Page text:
A few examples of the route specific branding used on Basingstoke’s local bus services.

Across the mediums

Best Impressions have done a great job of carrying the branding through to all of the other marketing mediums too – the timetables are a thing of pure beauty, especially considering the routes they’re advertising.

An example of the new timetable leaflets for the Basingstoke network
An example of the new timetable leaflets for the Basingstoke network

These timetable leaflets are a brillant evolution of the recently revised standard leaflets that Stagecoach South are using.

This design is also carried across into the roadside posters, as shown on this poster I found for route 2 in Basingstoke bus station.

Roadside displays in Basingstoke bus station
Roadside displays in Basingstoke bus station

In summary

The new branding for Basingstoke is a much welcomed improvement over the previous Jazz branding (shown below).¬†It’s a much more sophisticated approach that makes the vehicles feel more premium than they actually are!

An example of the old 'Jazz' route branding used in Basingstoke
An example of the old ‘Jazz’ route branding used in Basingstoke


Premium buses – it’s all about the little details now

Long gone are the days where passengers were grateful for the bus simply turning up. Passengers expect so much more from their bus journey Рand rightly so.

Throughout 2016 we saw a big increase in the number of vehicles with USB charging points and free WiFi being delivered to operators of all sizes. No longer are these¬†add-ons¬†just for the higher quality operations but they’re now a staple for¬†bus travel in the UK.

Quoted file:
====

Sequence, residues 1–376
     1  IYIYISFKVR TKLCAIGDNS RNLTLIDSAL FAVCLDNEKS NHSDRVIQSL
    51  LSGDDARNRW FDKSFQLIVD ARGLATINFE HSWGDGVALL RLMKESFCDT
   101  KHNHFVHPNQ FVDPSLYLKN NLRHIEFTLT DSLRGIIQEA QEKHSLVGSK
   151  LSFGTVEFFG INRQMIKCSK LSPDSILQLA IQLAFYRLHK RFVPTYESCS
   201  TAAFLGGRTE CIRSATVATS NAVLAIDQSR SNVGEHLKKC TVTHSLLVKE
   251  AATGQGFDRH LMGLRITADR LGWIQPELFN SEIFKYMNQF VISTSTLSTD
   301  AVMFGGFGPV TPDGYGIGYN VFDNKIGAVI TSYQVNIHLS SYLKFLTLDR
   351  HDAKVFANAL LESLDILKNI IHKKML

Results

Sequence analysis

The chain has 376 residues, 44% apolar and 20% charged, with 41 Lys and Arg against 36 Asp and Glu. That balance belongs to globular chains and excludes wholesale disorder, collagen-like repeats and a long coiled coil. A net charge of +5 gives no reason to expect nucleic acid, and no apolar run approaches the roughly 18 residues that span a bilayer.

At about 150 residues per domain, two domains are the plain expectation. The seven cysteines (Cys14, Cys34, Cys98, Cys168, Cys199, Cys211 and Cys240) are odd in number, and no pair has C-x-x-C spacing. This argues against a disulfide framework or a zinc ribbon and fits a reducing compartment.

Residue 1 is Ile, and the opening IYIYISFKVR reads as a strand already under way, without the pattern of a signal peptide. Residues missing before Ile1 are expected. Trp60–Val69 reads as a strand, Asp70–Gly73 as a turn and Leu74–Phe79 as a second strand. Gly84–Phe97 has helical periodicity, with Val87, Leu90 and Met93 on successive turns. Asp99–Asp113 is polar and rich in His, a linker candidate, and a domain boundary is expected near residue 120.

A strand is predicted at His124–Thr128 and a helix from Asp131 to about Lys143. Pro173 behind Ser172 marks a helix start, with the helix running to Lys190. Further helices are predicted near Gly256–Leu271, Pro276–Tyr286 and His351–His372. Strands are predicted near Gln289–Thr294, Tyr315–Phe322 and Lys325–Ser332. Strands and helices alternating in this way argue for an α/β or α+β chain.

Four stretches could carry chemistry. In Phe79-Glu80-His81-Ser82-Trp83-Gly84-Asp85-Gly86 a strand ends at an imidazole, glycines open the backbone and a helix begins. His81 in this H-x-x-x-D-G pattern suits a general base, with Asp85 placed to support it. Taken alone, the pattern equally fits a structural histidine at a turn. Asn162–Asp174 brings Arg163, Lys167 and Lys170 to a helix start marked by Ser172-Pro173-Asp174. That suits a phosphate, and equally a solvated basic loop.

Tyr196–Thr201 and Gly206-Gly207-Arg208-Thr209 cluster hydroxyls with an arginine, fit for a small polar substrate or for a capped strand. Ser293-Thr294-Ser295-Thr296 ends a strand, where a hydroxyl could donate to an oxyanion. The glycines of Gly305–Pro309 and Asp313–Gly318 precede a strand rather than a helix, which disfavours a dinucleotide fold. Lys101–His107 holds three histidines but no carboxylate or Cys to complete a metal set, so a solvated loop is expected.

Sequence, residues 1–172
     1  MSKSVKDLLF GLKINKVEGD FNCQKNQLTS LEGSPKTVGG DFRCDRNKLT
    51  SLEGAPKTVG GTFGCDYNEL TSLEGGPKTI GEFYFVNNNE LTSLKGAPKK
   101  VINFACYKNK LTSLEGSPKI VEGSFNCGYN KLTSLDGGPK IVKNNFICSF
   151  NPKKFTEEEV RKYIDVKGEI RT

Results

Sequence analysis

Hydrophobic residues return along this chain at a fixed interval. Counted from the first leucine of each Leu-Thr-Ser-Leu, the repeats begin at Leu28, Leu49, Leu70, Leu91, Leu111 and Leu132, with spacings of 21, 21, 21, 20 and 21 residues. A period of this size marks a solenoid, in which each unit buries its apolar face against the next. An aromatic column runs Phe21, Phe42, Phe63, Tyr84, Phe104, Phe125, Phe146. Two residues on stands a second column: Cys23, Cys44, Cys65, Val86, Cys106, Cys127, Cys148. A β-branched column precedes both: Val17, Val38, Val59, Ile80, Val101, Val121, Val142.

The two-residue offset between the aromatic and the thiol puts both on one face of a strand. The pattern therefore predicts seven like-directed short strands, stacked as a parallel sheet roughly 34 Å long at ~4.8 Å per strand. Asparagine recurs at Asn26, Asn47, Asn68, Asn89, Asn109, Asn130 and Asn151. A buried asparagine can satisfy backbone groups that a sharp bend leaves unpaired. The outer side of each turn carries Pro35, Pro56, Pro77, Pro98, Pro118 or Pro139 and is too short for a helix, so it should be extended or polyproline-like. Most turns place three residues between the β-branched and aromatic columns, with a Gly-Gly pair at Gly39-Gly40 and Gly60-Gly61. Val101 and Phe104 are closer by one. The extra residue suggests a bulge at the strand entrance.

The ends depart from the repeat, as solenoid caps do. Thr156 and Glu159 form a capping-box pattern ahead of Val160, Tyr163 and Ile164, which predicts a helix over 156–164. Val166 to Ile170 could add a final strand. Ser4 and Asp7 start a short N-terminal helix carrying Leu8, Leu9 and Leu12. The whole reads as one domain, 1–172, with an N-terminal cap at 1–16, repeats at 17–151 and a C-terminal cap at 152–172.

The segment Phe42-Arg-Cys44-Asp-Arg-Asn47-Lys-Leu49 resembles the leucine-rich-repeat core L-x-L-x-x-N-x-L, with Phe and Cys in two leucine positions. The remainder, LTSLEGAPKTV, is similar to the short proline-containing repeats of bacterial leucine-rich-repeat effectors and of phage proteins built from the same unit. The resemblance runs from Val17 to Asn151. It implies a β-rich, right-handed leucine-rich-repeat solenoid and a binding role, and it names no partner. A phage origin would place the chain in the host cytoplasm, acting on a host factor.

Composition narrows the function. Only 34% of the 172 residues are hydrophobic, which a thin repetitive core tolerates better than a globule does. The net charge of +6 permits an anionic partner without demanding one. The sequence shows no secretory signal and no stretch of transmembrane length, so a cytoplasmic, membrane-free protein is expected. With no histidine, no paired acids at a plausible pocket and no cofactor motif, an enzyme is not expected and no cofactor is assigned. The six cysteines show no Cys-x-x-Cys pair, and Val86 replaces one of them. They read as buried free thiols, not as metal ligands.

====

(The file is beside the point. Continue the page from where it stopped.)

Such is the proliferation of these features, I’m now genuinely annoyed when I board a bus to find no USB chargers.

Beyond the basics

To make a bus feel luxurious we now need to look beyond the basics and towards the finer details. At the end of January I had the great pleasure of travelling across Yorkshire sampling the best views and the best buses anywhere in the UK.

I came to notice the small details during my trip Рfrom simple things like having bus timetables that are accessible even when travel shops are closed to really minute details such as wallpapers adorning staircases on double decks.

It’s these small details that have cemented in my mind that, from a passenger’s perspective, these are the best buses in the UK. It shows real passion and care for the journey¬†from the operator and really does redefine bus travel.

It all starts with a¬†friendly welcome…

We all appreciate a friendly welcome, and boarding a bus should be no different.

It’s a small thing but seeing welcome signs like these (below) help brighten a journey, it’s even better when there’s a friendly driver behind the wheel wishing you a good morning.

I also like how Transdev have taken the theme of Yorkshire’s local dialect and run with it across their other branding applications.

Local pride is very important and people appreciate having a sense of ownership over their local transport Рjust look at how many people are calling for nationalisation! Local brand names reinforce the notion of an operator caring for the community and being owned by the community.

An example of The Harrogate Bus Company's use of local dialect.
An example of The Harrogate Bus Company’s use of local dialect. Image from The Harrogate Bus Company.
An example of The Keighley Bus Company's use of local dialect.
An another example, this time from The Keighley Bus Company. Image from MW Graphics.

Up next…

There are many other ways in which we can make buses look and feel more premium.

Keighley & Worth Valley Railway

If you’re passing by Keighley, Haworth, Oakworth or Oxenhope; I strongly recommend you take a trip or two on the KWVR trains.